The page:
Review: Burger Time (NES)

By Drew Wilson

In this review, we check out the NES interpretation of Burger Time, a game previously released on an Atari gaming console. We find out if this version of the Puzzle survival game makes any improvements over the last one we’ve reviewed.

This particular version of Burger Time was released in 1987, four years after the Atari 2600 version. Much of what was found in the previous game was moved over to the NES version, so we’ll dive into specific differences in this review.

One major difference is the number of enemies you’ll encounter. This number was increased dramatically to the point where instead of outsmarting the simple AI of a few monsters, you’ll be trying to avoid an entire crowd of monsters that, even if you successfully squash under the ingredients, will quickly re-spawn from one of the sides of the screen.

Still, you now have a weapon to help protect you – namely pepper you use to temporarily stun them. The unfortunate part is the fact that while you do have a weapon, you’ll only get 5 shots worth. Considering the number of monsters you are going up against, it might be enough to comfortably get you to the next level – or maybe even level 3 if you are lucky enough. The only way to refill your ammo is to collect the randomly appearing drink that appears in the middle of the screen. They only occasionally appear and only give you one extra shot unfortunately.

Another thing to note is the fact that you have only 4 free lives. You gain free lives by gaining 10,000 points.

As you advance through the stages, you get to encounter increasingly difficult to navigate maps including a few that have ingredients at dead ends.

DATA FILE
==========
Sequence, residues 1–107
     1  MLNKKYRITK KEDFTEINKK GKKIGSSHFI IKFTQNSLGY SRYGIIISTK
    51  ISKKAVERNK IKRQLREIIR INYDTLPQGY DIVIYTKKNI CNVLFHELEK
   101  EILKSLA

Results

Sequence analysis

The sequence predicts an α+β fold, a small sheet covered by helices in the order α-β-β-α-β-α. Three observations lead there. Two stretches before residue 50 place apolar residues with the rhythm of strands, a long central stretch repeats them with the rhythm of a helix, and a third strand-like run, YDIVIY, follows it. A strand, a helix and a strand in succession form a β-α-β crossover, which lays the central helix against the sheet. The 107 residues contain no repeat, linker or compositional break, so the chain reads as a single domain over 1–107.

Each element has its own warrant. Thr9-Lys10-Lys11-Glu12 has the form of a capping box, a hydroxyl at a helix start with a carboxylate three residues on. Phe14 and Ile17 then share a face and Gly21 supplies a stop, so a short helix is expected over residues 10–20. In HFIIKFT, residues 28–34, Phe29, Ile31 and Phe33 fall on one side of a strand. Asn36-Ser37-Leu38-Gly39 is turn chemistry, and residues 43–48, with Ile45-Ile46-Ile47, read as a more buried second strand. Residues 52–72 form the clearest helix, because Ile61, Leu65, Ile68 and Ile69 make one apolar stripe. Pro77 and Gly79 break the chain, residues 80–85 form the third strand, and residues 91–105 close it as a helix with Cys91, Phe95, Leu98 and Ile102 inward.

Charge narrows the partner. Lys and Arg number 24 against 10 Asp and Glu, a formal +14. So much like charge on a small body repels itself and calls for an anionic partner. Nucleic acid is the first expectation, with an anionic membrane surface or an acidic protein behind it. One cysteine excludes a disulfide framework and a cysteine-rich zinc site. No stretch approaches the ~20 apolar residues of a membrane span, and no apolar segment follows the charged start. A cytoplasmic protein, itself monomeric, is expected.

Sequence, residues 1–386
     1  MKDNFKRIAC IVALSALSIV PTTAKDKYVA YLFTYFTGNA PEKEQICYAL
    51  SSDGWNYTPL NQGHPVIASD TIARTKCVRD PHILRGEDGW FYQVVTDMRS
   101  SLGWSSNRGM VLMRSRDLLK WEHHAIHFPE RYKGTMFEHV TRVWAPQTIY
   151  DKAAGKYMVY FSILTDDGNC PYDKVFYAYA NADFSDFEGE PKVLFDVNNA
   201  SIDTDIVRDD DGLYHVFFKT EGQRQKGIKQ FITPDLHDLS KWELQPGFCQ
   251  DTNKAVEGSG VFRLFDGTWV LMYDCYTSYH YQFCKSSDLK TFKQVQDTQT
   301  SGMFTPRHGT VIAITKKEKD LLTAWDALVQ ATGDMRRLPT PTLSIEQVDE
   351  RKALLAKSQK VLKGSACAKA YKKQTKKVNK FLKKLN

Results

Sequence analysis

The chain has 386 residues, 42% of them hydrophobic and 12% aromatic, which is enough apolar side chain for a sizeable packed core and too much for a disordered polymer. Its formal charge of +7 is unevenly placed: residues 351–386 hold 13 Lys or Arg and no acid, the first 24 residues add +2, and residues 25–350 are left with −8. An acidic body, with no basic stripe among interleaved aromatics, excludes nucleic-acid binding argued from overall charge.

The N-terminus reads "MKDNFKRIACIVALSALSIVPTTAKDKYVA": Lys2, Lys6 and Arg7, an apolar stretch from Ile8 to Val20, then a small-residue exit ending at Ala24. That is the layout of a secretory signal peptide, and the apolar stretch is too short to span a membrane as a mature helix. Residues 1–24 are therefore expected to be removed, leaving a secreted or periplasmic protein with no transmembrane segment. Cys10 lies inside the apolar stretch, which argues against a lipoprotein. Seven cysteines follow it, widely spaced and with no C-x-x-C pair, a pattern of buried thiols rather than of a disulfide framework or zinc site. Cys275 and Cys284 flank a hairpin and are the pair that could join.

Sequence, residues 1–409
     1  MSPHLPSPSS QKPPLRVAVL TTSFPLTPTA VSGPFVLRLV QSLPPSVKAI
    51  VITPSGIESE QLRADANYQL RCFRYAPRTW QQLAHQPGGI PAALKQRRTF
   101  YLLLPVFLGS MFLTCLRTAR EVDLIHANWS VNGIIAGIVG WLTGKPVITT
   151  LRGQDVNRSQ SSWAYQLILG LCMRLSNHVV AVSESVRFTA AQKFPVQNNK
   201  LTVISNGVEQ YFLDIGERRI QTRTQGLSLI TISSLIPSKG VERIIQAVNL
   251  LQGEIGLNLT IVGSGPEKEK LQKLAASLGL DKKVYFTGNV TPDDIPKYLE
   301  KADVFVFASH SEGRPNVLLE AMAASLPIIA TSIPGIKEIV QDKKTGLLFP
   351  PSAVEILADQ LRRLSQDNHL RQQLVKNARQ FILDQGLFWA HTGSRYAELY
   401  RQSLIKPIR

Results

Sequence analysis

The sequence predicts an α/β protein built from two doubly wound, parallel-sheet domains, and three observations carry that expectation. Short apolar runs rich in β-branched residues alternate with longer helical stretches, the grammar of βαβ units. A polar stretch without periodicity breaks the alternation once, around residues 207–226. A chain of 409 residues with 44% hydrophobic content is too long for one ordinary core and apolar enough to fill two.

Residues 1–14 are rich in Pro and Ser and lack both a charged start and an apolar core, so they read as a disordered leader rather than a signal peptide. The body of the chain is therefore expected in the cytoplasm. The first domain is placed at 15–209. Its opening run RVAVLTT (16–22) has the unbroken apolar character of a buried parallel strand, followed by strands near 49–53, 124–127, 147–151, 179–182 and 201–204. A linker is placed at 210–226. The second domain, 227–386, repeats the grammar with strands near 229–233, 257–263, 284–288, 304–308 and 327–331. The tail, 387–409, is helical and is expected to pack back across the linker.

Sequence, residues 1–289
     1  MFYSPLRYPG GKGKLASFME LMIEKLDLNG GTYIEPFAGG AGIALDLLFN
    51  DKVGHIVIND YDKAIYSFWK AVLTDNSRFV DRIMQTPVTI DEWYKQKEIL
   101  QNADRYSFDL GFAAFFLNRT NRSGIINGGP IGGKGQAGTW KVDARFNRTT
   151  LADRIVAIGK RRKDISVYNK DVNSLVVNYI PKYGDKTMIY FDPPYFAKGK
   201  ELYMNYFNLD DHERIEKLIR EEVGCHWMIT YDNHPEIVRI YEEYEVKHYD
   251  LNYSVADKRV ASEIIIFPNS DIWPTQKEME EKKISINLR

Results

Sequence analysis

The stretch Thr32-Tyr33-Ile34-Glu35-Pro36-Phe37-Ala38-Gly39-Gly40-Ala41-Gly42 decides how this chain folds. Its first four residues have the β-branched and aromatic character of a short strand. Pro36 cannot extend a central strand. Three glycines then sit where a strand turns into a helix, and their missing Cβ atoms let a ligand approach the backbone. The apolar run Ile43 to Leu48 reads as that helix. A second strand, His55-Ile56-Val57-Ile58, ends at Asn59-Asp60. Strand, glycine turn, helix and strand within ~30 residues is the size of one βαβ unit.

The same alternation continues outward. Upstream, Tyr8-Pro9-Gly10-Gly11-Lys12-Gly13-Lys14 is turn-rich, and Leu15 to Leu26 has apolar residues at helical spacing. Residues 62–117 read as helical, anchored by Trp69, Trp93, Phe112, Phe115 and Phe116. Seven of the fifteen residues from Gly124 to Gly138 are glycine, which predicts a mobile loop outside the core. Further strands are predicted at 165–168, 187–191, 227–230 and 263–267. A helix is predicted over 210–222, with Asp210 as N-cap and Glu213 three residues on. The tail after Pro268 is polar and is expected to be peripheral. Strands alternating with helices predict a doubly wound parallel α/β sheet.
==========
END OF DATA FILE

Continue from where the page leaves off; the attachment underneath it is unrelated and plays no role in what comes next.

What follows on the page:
Personally, I felt that there were too many monsters and not enough ammo for your weapon. If collecting the randomly appearing drink gains you 5 shots instead of 1, then I’d say you, as a player, have a fighting chance to make it to level 4, but beyond that, this game will likely cause you to use up all of your lives by the time you are tackling level 3. Since this game actually has a number of levels beyond the first 3, most players will never experience them (including myself had I not been curious enough to employ game genie cheats just to see what the rest of the game is like).

This game seems to have unlimited levels, but a limited number of maps. So, it just loops through the maps after a while and increases the speed of the monsters after looping through at least 1 and a half times.

One criticism is the transfer from ladder to platform. It seems to be extremely picky on when you can go from a platform to a ladder and a ladder to a platform. This causes you to get “stuck” briefly in certain areas of the maps which is often when enemies are closing in. I found this to be frustrating.

Graphically, this game was a major improvement over the Atari 2600. You can clearly see what each monster was (i.e. a sausage, pickel, egg, etc.). Even the ingredients used to make the burgers were a huge improvement over the previous version we’ve played. Still, with the bleak black background dominating the screen, I would say that the graphics were good, but not great.

The audio shares a number of similarities between this version and the Atari 2600 version. There’s the standard Burger Time music, though the music is of a better quality likely thanks to a lifting of hardware limitations. Still, the fact that there was only one song eventually drags down the gaming experience. The sound effects were also improved, but it could have been better.

Overall, this game was extremely difficult to play if you want to play beyond the first 2 levels. There was too many monsters and not enough means to defend yourself. It is an interesting concept, though I think there are many ways this game could be improved on. You can get some entertainment value out of it, but it is generally short lived.


Furthest point in game: Level 3

General gameplay: 12/25
Replay value: 5/10
Graphics: 6/10
Audio: 2/5

Overall rating: 50%

Drew Wilson on Twitter: @icecube85

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